Such accusations have been endemic since November 9, 2016.. And yet, at least according to my recollection, none of them are true. She ran an unexciting campaign, yes; her opponent provided all the excitement anyone could have desired, and sucked up all the media attention. It is hard to know how his opponent could have done anything to stop it, particularly since she was female. Trump, as a man, could go to every emotional extreme: anger, sarcasm, bullying, stalking, nastiness, personal attack… the list goes on. He received some criticism, to be sure, but his bizarre and intimidating behavior did not lessen his approval. But if his Clinotn had run a more “exciting” campaign, she would have been lambasted and pilloried as “hysterical,” “angry,” and “out of control.” Her loss would have been resounding, and all women would have been tarred with the same brush.

 

And “flawed”? Yes, admittedly, she was flawed. She lacked what we now know to be essential for any U.S. President, and you know what that is. Women never have one.

 

And finally, there is the problem of “false equivalence,” manifested in current anti-Clinton harangues in so many ways: yes, Trump behaves execrably, but she’s just as bad. But she isn’t.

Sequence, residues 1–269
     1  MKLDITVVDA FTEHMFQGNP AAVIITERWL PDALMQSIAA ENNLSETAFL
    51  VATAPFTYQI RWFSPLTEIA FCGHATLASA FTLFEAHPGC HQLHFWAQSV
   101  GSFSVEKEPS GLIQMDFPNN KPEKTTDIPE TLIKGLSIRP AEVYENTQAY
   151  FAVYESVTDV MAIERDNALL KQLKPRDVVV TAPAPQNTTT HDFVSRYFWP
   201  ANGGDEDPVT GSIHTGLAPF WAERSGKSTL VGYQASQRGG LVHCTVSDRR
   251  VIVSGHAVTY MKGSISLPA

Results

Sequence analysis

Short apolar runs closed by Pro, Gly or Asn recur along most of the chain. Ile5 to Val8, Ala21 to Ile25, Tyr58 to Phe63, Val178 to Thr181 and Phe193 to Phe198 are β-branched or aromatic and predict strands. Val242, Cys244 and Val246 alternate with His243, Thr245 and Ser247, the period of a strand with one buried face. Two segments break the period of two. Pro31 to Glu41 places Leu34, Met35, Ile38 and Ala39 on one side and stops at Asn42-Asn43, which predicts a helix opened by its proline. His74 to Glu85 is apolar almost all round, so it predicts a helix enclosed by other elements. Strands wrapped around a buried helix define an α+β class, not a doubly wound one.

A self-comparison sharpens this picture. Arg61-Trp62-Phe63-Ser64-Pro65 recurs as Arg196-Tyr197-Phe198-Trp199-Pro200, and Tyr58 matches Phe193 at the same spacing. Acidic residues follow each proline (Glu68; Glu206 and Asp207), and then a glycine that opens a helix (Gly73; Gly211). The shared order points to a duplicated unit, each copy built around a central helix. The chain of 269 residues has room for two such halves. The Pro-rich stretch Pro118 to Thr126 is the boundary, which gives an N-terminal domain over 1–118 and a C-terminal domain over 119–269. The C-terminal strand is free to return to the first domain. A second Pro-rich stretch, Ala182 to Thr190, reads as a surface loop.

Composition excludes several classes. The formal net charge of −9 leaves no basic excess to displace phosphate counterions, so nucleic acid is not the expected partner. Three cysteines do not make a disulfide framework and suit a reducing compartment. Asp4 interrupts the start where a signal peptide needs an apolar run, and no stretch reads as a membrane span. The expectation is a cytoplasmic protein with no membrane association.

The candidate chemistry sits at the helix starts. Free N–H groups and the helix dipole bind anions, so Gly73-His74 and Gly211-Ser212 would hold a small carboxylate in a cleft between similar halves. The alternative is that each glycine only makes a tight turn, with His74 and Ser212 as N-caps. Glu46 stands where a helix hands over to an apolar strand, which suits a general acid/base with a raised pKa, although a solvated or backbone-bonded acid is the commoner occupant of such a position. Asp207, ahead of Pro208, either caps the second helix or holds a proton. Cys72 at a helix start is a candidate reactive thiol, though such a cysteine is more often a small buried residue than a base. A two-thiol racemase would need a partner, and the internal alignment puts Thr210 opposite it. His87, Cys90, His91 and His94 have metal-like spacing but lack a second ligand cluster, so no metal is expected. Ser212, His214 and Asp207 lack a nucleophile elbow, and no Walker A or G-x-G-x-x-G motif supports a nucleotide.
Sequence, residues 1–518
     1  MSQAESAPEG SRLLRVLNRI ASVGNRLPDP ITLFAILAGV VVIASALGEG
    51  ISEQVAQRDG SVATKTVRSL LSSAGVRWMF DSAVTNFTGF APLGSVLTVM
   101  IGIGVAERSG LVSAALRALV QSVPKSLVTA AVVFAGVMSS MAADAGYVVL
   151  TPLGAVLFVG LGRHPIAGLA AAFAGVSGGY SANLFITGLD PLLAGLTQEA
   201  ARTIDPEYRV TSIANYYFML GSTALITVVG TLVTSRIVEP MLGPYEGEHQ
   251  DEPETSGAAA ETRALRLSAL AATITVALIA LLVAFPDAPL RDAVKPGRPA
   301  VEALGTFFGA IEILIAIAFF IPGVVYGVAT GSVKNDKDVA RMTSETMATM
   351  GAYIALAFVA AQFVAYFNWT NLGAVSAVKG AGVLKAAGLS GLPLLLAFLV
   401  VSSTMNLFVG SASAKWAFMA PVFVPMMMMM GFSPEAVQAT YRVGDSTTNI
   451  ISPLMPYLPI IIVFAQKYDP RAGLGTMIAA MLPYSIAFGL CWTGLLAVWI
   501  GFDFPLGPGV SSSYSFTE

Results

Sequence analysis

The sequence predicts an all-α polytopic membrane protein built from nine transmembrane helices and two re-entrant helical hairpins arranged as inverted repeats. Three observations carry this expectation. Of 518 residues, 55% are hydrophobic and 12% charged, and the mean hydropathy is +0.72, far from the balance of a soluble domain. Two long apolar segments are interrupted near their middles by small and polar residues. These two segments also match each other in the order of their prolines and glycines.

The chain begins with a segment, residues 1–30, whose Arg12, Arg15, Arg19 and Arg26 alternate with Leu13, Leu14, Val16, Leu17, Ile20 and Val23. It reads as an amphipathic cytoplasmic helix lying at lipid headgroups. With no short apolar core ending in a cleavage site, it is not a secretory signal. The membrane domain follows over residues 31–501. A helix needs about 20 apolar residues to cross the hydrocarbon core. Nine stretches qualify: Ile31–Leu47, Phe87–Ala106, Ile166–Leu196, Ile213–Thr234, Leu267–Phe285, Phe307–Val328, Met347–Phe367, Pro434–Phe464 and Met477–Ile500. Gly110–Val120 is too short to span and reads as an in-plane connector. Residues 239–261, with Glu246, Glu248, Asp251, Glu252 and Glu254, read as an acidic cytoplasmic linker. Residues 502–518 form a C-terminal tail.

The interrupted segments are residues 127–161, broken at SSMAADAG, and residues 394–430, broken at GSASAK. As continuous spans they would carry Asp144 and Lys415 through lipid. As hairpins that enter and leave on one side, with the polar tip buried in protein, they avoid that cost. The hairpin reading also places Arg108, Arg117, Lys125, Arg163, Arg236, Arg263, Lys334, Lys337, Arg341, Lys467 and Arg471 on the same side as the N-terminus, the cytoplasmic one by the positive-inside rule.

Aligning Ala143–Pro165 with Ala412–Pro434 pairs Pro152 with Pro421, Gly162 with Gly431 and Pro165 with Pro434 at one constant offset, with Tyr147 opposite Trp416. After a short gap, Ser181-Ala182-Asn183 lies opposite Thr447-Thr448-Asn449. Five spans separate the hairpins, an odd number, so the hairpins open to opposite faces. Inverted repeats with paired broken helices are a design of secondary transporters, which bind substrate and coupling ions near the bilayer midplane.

Take a recent case, an “editorial observer” column in the Times (with friends like this, who needs enemies?). There has been a lot of discussion about how the Democrats should behave in the future (see point #3 below): should they be perfect ladies (or even gentlemen?), or should they hit back, even going below the belt? Both positions are tenable, but in this column its author (Michelle Cottle) went with special ferocity after Clinton, for daring to suggest even a modest version of the second position.

 

Cottle gets sarcastically personal, fast: In the first paragraph Clinton has “been on a bit of a media tear”; she has been “holding forth”; to save her party, “someone needs to perform an intervention.” And on it goes.